Making computer animation more human

08 March 2012

Academy Award winner Mark Sagar is starting a new laboratory at The University of Auckland that is set to take computer animation to a new level.

“Imagine a machine that can not only express what is on its mind, but also allows you to glimpse the mental imagery that it is constantly changing in its mind,” says Dr Sagar.

The Laboratory for Animate Technologies, based in the Auckland Bioengineering Institute (ABI), will create interactive autonomously animated systems which “will help define the next generation of human-computer interaction and facial animation“.

Industries to benefit from research and technology created in Dr Sagar’s lab could include those where establishing emotional rapport is important such as education, advertising, and the entertainment industry.

Dr Sagar says his Lab will create an experience that will allow visitors to engage with “smart technology” that appears conscious, emotive and thinking. “One question we are pursuing is: can technology be made more appealing if it is more natural?”

Dr Sagar says the technology created in his lab will simulate the lifelike qualities and the observable natural reflexes and behaviour of someone engaging with another person.

”Our computational models of emotion, perception, learning and memory will generate highly expressive realistic – or fantastic – imagery which engages the user on a visceral, emotional level,“ he says.

The Lab will also develop advanced computer vision techniques to track facial expression and behaviour. These techniques will be used with other modes of sensory input to allow the smart machine to sense its world.

Visitors to the Lab will engage with expressive interfaces including realistic faces and also be able to see the inner workings or underlying “brain activity” generating the machines’ responses.

“We are building a collaborative modular model of the face and brain, a brain and face Lego with swappable and re-shapable parts. Both scientists and artists who want an interactive context to test and visualise their work can design, combine, integrate, inspect, react, be reacted to, and redesign," says Dr Sagar.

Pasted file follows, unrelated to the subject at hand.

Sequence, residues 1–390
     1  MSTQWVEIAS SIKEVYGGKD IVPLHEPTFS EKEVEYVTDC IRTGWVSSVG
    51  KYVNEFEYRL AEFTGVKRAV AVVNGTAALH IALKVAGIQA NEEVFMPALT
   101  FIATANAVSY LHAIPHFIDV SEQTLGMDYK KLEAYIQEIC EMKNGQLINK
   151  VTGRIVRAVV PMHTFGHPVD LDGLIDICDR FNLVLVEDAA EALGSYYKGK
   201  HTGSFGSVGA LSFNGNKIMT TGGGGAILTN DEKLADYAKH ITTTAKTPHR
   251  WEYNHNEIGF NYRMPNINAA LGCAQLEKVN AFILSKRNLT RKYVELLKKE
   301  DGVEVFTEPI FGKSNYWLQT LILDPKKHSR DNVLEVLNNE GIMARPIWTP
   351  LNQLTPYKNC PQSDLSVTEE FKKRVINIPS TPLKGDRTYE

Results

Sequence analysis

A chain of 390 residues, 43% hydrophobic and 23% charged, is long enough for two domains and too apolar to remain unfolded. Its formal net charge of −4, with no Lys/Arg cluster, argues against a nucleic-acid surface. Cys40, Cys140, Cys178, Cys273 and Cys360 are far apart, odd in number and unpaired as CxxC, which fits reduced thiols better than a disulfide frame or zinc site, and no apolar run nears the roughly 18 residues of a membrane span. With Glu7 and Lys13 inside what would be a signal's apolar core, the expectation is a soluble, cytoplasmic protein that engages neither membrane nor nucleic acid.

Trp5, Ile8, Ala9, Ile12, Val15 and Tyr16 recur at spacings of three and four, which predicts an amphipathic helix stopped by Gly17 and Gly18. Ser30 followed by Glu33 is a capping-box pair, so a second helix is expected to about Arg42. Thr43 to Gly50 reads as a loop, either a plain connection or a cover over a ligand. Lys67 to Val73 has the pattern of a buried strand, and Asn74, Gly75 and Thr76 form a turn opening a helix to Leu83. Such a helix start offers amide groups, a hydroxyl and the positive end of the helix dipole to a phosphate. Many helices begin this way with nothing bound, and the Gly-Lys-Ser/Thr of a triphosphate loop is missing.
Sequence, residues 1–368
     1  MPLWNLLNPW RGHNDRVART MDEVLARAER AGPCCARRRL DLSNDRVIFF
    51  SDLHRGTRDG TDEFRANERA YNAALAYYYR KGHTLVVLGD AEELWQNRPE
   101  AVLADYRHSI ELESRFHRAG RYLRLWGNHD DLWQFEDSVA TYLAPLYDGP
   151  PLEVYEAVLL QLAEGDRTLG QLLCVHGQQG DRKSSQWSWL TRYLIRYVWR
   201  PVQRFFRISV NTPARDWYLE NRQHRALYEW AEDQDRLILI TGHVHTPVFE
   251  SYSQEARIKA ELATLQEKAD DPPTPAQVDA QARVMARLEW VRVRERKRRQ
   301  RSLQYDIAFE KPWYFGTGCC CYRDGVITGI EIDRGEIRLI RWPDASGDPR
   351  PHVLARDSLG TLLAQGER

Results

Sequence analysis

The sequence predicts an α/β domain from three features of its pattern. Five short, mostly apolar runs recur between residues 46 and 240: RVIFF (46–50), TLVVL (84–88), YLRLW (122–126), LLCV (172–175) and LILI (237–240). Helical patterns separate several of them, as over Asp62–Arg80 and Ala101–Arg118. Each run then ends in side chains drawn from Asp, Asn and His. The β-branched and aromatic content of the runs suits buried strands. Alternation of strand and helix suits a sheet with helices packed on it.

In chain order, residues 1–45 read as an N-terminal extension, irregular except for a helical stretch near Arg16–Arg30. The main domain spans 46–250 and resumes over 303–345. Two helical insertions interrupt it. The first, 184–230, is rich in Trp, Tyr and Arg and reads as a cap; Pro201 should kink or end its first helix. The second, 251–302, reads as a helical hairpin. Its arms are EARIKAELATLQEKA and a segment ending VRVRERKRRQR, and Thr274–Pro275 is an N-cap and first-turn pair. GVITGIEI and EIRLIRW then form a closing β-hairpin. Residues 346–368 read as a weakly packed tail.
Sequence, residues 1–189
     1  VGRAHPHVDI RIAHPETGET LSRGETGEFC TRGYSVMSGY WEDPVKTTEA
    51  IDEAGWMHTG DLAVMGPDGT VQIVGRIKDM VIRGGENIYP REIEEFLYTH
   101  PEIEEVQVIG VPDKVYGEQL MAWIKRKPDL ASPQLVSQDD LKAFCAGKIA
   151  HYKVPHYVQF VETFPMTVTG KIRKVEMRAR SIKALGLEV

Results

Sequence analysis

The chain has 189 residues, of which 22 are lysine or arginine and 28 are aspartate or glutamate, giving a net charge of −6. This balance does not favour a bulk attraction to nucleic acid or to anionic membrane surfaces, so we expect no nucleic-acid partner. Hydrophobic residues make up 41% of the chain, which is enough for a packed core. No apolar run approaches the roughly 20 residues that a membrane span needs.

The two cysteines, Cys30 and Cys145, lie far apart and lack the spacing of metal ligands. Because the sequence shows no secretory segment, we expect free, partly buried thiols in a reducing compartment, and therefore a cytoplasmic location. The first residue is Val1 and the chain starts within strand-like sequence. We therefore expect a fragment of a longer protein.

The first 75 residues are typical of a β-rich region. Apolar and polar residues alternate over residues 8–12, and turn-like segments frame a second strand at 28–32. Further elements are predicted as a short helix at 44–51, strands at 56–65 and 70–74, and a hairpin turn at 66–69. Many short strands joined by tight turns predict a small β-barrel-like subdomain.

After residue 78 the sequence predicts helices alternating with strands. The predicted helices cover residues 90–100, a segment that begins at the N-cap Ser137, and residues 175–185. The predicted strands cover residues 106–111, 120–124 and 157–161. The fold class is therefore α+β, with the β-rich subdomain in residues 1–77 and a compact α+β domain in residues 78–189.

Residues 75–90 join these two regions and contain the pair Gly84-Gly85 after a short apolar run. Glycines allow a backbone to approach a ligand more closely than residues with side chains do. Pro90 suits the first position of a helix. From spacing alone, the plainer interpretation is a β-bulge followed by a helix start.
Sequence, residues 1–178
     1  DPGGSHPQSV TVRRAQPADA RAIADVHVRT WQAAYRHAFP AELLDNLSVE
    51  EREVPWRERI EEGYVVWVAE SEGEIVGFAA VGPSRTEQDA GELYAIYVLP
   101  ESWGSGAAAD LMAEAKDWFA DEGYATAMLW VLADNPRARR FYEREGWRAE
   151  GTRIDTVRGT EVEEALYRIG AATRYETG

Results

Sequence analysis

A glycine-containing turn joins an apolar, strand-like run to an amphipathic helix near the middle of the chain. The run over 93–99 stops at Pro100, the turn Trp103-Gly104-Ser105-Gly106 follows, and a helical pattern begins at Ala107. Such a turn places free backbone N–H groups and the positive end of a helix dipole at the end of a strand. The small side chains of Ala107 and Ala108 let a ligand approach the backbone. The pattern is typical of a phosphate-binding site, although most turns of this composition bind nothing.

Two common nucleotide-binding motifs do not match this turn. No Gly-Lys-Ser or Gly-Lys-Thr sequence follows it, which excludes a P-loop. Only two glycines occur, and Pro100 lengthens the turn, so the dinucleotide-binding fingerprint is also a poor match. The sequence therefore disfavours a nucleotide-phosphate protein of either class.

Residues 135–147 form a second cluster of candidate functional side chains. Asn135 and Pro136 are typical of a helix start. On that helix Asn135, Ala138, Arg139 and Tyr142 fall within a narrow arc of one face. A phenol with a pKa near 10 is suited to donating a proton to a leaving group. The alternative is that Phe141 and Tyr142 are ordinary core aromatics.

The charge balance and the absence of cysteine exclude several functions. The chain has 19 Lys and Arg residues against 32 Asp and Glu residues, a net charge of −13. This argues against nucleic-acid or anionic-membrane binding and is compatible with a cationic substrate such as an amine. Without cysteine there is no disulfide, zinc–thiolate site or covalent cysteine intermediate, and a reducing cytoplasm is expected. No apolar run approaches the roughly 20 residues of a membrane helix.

The Lab will be developed using state-of-the-art projective computer graphics and brain-based computational models. Its foundations are being built by Dr Sagar and others in the University with expertise in areas such as computer and the neural sciences, engineering, architecture and the arts. The Lab will work on both blue skies research and commercial applications.

Dr Sagar previously worked for Weta Digital where he created technology for achieving the realistic appearance and performance capture animation of digital characters such as Avatar’s Na’vi people. His pioneering work in computer-generated faces was recognised with two consecutive Oscars at the 2010 and 2011 Sci-tech awards, a branch of the Academy Awards that recognises movie science and technological achievements. Dr Sagar will continue to work with Weta on selected projects.

The former medical researcher started his career building computer simulations of the human eye for virtual surgery. He has a Bachelor of Science and a PhD in Engineering from The University of Auckland.

His postgraduate research involved a landmark study in how to develop an anatomically correct virtual eye and realistic models of biomechanically simulated anatomy. It was one of the first examples of how lifelike human features could be created on a screen by combining computer graphics with mathematics and human physiology.

Professor Peter Hunter, Director of the ABI, says he feels very fortunate to have Dr Sagar working at the Institute.

“Mark is an exceptional researcher, scientist and artist with immense vision and passion. He has made a huge contribution to the motion picture industry in a relatively short time and I expect that he will continue to excel here and abroad with his work at the Laboratory for Animate Technologies.”

• Dr Sagar is a recipient of the University of Auckland’s 2012 Distinguished Alumni Award. He will be presented with the award at a dinner held at The University of Auckland tomorrow (Friday 9 March). He is also speaking at Auckland Live, an event held at the Maidment Theatre in central Auckland tonight (8 March).